Friday, September 17, 2010

Work It Out: Tri-party Line

Conversations between general counsel and their law firm counsel regarding LPO are increasingly important. These discussions should include when and if to utilize an outside LPO vendor. That topic is the central theme of my recent article in Berwin Leighton Paisner’s “Work It Out” journal.

The article is entitled, Tri-party Line: The integration of outside vendors into the delivery of legal and support services is one of the most significant developments affecting the legal profession...

The piece highlights issues that in-house legal teams should address and pitfalls to avoid when working within the tri-party relationship. As noted in the article, “The two primary challenges are managing the tri-party relationship – between in- house team, the law firm and the legal outsourcing vendor – and ensuring ethical compliance and adherence to professional standards by all parties.”

Attorneys in law firms and in-house counsels need to anticipate and prepare for these types of relationships which will be increasing in number in the future at LPO becomes a more common practice.

Friday, September 10, 2010

LPO and Outcomes-Focused Regulation

As part of the Law Society’s continuing exploration of the ethical issues surrounding LPO ethics, this week I was invited to speak on LPO ethics and implications for the forthcoming regulatory changes for UK law firms. As a result of the Legal Services Act and allowance for alternative business structures (ABS), the UK regulatory regime is taking a new tack.

The new regulatory approach seeks to provide greater flexibility by basing regulatory obligations on broad “outcomes” giving this regulatory approach the name outcomes-focused regulation (OFR).

It will be some time before this approach is implemented, but it does pose some interesting implications for the ethics of legal outsourcing, including work done by outside legal vendors.

OFR is another thing for UK-based firms exploring or expanding their LPO options to keep an eye on.

Tuesday, September 7, 2010

Imminent Ethics?

As the regulatory focus on the ethics of LPO heats up in the US and UK, a growing body of knowledge about LPO ethics is emerging.

Most recently, an article featured in the UK-focused publication Outsource, Mark Ross of Integreon provides a summary of ethical guidance on legal outsourcing currently available and a glimpse of what we may expect in the future.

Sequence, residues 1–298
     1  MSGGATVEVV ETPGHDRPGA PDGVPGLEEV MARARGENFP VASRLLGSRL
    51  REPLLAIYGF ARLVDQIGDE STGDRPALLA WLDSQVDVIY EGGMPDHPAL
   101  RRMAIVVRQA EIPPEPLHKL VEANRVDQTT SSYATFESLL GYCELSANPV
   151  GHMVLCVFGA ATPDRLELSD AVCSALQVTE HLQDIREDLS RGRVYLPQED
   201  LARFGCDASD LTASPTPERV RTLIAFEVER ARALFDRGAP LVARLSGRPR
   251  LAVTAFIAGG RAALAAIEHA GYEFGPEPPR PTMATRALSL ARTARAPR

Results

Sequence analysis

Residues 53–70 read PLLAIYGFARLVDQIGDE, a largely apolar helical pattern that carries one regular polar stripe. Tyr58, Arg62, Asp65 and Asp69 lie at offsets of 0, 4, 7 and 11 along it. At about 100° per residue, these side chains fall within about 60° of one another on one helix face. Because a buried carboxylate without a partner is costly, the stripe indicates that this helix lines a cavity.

In the article Ross said, “I expect there will be more to report on the ethics of legal outsourcing over the coming months from both sides of the Atlantic as the relevant bodies continue to study this rapidly growing industry. Whether in the form of amendments to the model rules of professional conduct (in the U.S.), or to the Solicitor’s Code of Conduct (UK), lawyers will welcome more detailed guidance. Watch this space!”

I will be speaking on LPO ethics this week at an event hosted by The Law Society. More on that shortly.

Saturday, September 4, 2010

Ante Up: Law firms and the “Fortunate Few”

One of the concerns of law firms that we see at Fronterion involving the integration of legal process outsourcing vendors into their practice is the real or perceived disruption of partner-track associates. The work which first and second year law firm associates previously “cut their teeth on” (read document review) is slowly diminishing with the increased use of outside legal vendors based domestically in the US and UK, as well as abroad.

The comments in several recent publications highlight the growing focus, and also acceptance, of the changing nature of the legal profession with the use of outside legal vendors to perform “routine, repetitious work.”

William Michael Treanor, newly appointed dean of the Georgetown University Law Center, made several interesting comments on the topic of recent law graduate career opportunities in the Washington Post’s Capital Business.

As reported by the ABA Journal, Treanor said, “Grads who opt for law firm jobs are likely to see the nature of their work change as clients refuse to pay associates for routine, repetitious work... As a result, ‘we'll see more outsourcing and contract employment. So associates will be doing more work that is truly lawyerly work.’”

We’ve seen Georgetown take some very positive, pro-active stances as the legal profession changes, for which we applaud them.

In a related article featured in AM Law Daily, Steven Harper echoes Treanor’s remarks regarding the advancement of the “fortunate few”, those law firm associates who will work on more substantive legal matters as a result of legal outsourcing.

“Instead of the mind-numbing tasks that are the bane of so many young lawyers' lives, associates will find themselves doing work that more closely resembles what they thought being a lawyer meant when they first decided to attend law school.”

More succinctly stated in my book, a senior litigation partner at a large UK-based law firm said this about routine tasks increasingly delegated to outside legal vendors, “Our attorneys didn’t go to law school for that.”

The caveat for this potential advancement for associates to perform more interesting and engaging projects is that law firms may require fewer associates to work through their large, document-heavy matters. Reading between the lines, it looks like law students, with the help of law schools, will have to be more entrepreneurial and seek to develop niche skill sets to make themselves more valuable in the changing legal profession.